Then there are the guns. One issue with the guns in the first game was the different manufacturers really did not make that much of a difference on how the gun performs. In Borderlands 2, each manufacturer adds something unique to each gun. Maliwan, for example, makes only elemental weapons, and they tend to do better in the elemental damage than others. Jakobs makes weapons that you can fire as fast as you pull the trigger, which means you can do a lot of damage in a very short time. Then there are the Tediore guns, which are truly unique. Instead of just reloading the gun, you throw it away, and it explodes as if it were a grenade. As you are doing this, a clone of the gun reappears in your hands, fully loaded. These touches make you really think about the guns you are using and really lets you tailor them to the way you choose to play the game. Oh, and the hit detection on the rockets is much better this game, making them infinitely more useful. In short, much of what made Borderlands good has been improved in the sequel. One thing which has really been improved is the single player experience. While Borderlands 2will always be better with friends, it can be played rather well as a single vault hunter. The first game was a little flat if you were playing on your own, and this change alone makes the sequel a much better experience. As detailed as I have been here, I have only begun to scratch the surface when it comes to all the improvements between the original game and this sequel. As good as it is, however, it does have a couple of flaws that can be rather frustrating.
Okay, I Think I Missed That Part
One real annoyance in Borderlands 2is it is really easy to miss parts of the story because other things are happening in-game. You are in the middle of listening to a character outline a mission for you when someone else in your party picks up an echo recorder, and suddenly whatever was on that recorder overrides whatever the character was saying. You complete part of an objective of a mission, and the character leading you through it starts to say something, but you cannot hear it over the sounds of the battle around you. Heck, there can just be times when the people in your party are talking as a major event is unfolding, and as there is no way to replay what you just heard, you miss it. This would have been so easy to fix by just allowing you to access echo recordings of the events of the game, but that is something Gearbox did not include. There is another way you can miss major events in the game. When you are playing your single player missions, you will be asked if you want to skip missions you have already played. Be aware that answering yes may cause you to skip missions you came into mid stream, meaning you may miss major plot points the game assumes you have actually seen. I had this happen with my Siren: I missed a scene that explained a rather important detail about a particular character, and though I found out what I needed to know from the events later, I did not get to see the lead up to that revelation until I happened to jump into a friend’s game where he was going through that mission. While I applaud Gearbox for giving you the ability to skip ahead as opposed to having to repeat missions, seeing that happen has made me think twice about using this feature.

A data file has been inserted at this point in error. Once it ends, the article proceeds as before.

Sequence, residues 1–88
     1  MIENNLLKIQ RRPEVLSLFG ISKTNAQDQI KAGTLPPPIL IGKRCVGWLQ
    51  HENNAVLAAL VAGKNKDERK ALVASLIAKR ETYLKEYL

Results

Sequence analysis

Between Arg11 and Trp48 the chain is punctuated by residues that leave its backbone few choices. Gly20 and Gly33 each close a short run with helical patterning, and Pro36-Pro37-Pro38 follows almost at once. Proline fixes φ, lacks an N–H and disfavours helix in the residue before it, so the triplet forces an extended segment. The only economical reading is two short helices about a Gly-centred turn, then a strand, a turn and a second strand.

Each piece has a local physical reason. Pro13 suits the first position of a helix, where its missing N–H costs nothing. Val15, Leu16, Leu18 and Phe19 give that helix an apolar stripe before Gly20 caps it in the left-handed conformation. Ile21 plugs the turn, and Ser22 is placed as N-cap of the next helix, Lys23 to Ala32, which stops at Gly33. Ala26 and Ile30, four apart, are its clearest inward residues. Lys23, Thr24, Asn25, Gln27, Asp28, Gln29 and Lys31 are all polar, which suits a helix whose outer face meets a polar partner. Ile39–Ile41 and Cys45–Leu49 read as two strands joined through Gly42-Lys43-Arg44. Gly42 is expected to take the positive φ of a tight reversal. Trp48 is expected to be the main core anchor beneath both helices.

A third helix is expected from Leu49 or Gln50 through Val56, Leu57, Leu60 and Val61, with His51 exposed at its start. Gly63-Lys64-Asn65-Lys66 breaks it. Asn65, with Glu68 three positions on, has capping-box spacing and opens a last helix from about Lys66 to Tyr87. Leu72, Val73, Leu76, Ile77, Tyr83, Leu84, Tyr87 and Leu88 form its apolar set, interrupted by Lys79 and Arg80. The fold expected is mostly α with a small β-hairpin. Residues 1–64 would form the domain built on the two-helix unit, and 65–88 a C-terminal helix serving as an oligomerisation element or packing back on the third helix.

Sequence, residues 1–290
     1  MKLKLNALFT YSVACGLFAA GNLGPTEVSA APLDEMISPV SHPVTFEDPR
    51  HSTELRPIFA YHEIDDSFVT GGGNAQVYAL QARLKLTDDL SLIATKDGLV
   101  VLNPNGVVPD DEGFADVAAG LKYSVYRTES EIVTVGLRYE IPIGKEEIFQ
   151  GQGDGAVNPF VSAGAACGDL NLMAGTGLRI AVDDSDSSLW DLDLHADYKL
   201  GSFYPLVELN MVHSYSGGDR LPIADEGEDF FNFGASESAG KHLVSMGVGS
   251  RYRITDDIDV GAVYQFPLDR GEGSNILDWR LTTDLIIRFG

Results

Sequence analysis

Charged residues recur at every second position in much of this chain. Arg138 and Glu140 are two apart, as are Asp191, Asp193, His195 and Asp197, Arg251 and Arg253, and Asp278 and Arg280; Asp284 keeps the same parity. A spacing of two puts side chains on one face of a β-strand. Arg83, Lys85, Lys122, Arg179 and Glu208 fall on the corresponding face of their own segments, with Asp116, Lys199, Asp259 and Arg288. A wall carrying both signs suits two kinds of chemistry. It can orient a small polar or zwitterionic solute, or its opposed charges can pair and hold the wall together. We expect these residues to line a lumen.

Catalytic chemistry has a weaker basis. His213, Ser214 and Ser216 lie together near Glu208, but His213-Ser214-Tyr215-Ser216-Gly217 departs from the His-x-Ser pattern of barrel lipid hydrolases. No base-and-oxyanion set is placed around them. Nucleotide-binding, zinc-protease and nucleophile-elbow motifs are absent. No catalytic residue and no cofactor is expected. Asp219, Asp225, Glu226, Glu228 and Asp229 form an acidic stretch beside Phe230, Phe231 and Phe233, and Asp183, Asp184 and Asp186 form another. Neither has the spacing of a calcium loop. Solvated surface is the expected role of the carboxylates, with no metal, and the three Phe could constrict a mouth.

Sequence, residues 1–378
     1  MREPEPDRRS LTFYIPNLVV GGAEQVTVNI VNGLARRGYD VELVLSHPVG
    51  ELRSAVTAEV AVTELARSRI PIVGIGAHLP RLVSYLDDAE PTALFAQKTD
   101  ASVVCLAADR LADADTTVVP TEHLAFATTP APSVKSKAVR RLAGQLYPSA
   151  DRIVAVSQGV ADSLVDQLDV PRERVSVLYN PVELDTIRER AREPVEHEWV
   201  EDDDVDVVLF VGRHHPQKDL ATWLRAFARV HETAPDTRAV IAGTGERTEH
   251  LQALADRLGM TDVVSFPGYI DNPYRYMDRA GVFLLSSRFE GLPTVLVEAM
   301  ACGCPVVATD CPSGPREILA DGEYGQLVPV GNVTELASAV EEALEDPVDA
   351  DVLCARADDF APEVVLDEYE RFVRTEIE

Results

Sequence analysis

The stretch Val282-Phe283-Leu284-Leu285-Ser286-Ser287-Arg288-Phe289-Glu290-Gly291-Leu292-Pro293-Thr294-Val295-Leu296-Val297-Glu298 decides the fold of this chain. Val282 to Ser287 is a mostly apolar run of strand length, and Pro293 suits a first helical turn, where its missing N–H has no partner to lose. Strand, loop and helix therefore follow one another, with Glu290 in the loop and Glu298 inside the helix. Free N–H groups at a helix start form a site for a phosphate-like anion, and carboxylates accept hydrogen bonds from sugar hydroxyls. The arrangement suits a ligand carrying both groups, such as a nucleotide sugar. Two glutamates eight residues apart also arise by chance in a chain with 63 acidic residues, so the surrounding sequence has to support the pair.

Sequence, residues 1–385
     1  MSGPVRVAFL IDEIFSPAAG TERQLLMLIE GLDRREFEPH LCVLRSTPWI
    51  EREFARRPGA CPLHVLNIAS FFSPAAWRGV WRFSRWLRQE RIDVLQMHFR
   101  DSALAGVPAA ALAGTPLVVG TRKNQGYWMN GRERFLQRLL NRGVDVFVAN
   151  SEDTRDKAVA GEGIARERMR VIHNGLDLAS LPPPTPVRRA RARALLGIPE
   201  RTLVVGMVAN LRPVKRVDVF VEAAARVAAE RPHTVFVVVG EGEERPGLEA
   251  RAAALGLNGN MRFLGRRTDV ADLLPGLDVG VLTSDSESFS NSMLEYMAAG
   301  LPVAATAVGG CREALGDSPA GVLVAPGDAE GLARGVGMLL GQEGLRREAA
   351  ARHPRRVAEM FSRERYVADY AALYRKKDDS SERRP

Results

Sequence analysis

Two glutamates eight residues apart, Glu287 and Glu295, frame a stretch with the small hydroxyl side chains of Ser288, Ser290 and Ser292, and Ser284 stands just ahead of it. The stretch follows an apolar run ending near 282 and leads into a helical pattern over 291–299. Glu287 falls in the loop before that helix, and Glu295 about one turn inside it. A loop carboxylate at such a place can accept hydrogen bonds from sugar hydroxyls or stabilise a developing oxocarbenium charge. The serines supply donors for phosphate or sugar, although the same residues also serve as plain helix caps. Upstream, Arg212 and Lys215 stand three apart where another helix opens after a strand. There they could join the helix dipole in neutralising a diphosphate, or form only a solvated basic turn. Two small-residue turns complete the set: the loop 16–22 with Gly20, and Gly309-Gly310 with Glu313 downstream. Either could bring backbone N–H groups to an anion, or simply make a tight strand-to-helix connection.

Serious Game of the Year Contender
Borderlands was awarded Everyday Gamers Game of the Year when it came out, and the sequel has a serious chance of repeating this honor. I have not even touched upon the larger variety of enemies, numerous different environments or the way the writers managed to tie several of the side quests into the story itself, mainly because if I list everything I find impressive about this game, this review would be a whole lot longer than it already is. Suffice it to say if you have not bought this game yet, do so at your earliest convenience; you will not be disappointed. Borderlands 2 gets a 10 out of 10. Well, that does it. This iteration of my 30 Reviews in 30 Days is now complete. I hope you have enjoyed reading them as much as I have enjoyed writing them. Now I just need to see if I can get one of the other EDG writers to try doing this. Why do I get the feeling that is a lost cause?